Constanza Cortes, a postdoctoral researcher at the University of California, San Diego, was awarded an MDA development grant totaling $177,410 over a period of three years to study the role of a cell recycling system in spinal-bulbar muscular atrophy (SBMA or Kennedy disease) and amyotrophic lateral sclerosis (ALS).
Both SBMA and ALS are characterized by the death of motor neurons, the nerve cells that control movement. Their causes are different, but in both diseases, there are defects in autophagy, a process cells use to break down and recycle large proteins and other cellular substances. Autophagy is critical for cell health, but relatively little is known about the process in neurons, Cortes says. She will be using both light microscopy and electron microscopy to examine how the function of one regulator of the process — a protein called TFEB — may be altered by interaction with the mutant protein that causes SBMA.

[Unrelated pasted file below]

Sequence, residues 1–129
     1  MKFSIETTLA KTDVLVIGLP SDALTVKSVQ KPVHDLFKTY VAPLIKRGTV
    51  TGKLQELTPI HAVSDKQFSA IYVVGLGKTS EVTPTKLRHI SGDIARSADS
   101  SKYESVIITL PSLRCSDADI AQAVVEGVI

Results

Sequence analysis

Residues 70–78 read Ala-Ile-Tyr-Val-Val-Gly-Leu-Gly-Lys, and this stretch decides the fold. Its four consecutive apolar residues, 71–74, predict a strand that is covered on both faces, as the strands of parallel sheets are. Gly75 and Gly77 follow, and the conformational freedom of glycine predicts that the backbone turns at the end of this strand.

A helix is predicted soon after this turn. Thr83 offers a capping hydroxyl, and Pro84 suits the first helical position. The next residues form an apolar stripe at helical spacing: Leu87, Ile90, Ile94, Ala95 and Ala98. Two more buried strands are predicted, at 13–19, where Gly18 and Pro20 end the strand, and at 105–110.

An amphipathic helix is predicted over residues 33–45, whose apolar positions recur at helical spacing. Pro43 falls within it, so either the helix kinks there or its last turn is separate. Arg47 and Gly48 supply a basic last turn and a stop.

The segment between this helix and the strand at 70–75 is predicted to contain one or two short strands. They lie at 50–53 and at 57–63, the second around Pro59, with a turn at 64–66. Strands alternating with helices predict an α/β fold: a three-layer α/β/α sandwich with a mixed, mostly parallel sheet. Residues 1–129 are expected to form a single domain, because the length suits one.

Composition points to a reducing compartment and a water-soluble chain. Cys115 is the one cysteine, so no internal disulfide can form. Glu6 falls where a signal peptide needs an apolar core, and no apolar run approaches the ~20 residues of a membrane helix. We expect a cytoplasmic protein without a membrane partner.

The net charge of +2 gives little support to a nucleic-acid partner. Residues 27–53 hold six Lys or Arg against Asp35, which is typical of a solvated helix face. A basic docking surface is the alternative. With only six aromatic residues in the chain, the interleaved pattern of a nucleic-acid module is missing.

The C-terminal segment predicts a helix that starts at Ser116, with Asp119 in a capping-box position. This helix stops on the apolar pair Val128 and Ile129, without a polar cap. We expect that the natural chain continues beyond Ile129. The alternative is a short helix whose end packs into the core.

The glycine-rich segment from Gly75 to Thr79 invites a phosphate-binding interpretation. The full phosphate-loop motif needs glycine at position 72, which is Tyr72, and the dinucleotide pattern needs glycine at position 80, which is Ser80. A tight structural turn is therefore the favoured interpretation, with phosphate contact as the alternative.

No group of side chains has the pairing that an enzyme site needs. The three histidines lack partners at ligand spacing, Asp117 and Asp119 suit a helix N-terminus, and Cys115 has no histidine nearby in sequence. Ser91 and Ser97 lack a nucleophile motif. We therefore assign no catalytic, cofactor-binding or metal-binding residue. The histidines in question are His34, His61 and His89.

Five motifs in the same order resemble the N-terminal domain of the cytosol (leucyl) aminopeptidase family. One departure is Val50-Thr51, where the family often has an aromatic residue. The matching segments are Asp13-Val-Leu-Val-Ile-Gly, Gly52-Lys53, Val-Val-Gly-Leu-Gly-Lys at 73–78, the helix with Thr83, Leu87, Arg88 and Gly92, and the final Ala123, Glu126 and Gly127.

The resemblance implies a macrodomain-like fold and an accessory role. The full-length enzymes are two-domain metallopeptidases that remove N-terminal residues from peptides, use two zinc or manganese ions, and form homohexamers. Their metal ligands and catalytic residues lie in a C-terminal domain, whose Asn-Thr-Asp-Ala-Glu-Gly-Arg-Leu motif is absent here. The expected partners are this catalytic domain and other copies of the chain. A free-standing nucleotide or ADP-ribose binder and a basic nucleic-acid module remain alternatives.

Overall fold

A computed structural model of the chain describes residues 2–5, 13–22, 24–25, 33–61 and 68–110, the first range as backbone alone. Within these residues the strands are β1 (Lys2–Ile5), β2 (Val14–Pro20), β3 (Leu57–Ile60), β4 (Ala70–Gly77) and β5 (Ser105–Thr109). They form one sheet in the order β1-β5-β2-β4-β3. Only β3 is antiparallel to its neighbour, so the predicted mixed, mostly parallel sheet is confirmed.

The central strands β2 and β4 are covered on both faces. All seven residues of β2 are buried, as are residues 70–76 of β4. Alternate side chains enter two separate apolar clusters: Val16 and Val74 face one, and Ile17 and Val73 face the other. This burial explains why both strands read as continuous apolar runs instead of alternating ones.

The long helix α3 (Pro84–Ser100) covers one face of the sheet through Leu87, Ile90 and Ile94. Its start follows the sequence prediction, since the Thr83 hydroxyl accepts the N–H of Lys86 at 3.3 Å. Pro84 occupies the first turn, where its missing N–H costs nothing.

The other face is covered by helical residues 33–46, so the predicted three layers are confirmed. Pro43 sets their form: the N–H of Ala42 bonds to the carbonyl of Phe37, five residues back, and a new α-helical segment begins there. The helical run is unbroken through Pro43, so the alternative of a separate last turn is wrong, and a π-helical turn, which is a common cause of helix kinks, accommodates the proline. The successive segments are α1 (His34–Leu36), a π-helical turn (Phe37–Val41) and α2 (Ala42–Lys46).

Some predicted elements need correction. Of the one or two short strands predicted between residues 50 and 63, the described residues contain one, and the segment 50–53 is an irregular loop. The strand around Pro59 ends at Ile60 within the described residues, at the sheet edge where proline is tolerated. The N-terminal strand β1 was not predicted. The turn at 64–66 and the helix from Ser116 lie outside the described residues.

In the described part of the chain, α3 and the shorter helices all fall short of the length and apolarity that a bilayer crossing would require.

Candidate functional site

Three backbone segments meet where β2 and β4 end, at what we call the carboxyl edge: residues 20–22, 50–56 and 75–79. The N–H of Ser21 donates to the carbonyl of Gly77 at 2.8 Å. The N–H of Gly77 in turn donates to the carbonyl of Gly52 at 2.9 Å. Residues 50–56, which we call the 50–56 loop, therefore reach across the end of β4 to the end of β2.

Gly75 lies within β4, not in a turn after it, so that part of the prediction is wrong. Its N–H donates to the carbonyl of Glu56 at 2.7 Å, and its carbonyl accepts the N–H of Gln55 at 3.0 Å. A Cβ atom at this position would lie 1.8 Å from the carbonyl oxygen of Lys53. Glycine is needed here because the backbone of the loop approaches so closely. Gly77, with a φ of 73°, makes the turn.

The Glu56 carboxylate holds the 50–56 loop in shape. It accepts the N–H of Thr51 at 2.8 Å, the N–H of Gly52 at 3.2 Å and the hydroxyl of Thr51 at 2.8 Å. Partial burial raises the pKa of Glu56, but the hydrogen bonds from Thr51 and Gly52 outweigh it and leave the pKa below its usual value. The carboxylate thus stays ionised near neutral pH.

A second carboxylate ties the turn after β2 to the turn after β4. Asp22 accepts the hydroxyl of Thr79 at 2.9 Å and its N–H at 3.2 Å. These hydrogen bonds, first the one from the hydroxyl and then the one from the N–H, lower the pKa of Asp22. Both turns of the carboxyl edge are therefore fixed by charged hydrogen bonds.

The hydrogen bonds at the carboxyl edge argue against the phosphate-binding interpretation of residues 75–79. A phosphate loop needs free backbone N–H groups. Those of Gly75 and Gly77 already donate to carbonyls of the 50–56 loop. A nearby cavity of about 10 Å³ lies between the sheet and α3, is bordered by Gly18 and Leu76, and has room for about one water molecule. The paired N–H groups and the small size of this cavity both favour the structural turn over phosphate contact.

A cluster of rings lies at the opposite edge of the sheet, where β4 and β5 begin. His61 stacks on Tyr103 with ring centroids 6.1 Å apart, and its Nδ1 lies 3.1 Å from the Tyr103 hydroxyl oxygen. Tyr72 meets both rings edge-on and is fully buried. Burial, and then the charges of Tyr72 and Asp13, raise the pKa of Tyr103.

Working with cell culture, mouse models and cells from patients, Cortes says, “We expect to develop autophagy-intervention therapeutics and test these approaches in our mice, to determine the feasibility of manipulating autophagy as a therapeutic strategy for neuromuscular diseases. In this project, I hope to demonstrate the importance of neuronal autophagy for neuromuscular disease, and advance the field in ways that will benefit patients suffering from these debilitating disorders.”
Funding for this MDA grant began August 1, 2013.